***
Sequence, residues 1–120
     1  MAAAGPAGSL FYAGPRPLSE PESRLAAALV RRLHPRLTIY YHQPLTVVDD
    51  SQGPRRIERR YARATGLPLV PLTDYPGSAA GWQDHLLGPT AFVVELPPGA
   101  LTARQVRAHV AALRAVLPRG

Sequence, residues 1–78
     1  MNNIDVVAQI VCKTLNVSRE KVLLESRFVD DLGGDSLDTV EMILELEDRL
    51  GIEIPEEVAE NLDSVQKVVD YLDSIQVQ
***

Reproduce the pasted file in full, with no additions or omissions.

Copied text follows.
Sequence, residues 1–120
     1  MAAAGPAGSL FYAGPRPLSE PESRLAAALV RRLHPRLTIY YHQPLTVVDD
    51  SQGPRRIERR YARATGLPLV PLTDYPGSAA GWQDHLLGPT AFVVELPPGA
   101  LTARQVRAHV AALRAVLPRG

Sequence, residues 1–78
     1  MNNIDVVAQI VCKTLNVSRE KVLLESRFVD DLGGDSLDTV EMILELEDRL
    51  GIEIPEEVAE NLDSVQKVVD YLDSIQVQ